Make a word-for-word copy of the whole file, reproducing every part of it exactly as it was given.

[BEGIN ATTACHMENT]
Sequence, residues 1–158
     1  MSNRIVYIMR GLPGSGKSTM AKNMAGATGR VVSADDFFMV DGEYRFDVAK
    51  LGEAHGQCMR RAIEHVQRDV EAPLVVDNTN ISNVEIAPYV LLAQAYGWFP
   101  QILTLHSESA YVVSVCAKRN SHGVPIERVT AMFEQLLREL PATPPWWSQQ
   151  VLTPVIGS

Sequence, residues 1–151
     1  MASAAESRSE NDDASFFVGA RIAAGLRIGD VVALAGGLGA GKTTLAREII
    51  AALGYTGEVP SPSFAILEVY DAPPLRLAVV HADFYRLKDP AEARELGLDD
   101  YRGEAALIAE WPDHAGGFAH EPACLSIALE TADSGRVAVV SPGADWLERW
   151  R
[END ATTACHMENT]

Sequence, residues 1–158
     1  MSNRIVYIMR GLPGSGKSTM AKNMAGATGR VVSADDFFMV DGEYRFDVAK
    51  LGEAHGQCMR RAIEHVQRDV EAPLVVDNTN ISNVEIAPYV LLAQAYGWFP
   101  QILTLHSESA YVVSVCAKRN SHGVPIERVT AMFEQLLREL PATPPWWSQQ
   151  VLTPVIGS

Sequence, residues 1–151
     1  MASAAESRSE NDDASFFVGA RIAAGLRIGD VVALAGGLGA GKTTLAREII
    51  AALGYTGEVP SPSFAILEVY DAPPLRLAVV HADFYRLKDP AEARELGLDD
   101  YRGEAALIAE WPDHAGGFAH EPACLSIALE TADSGRVAVV SPGADWLERW
   151  R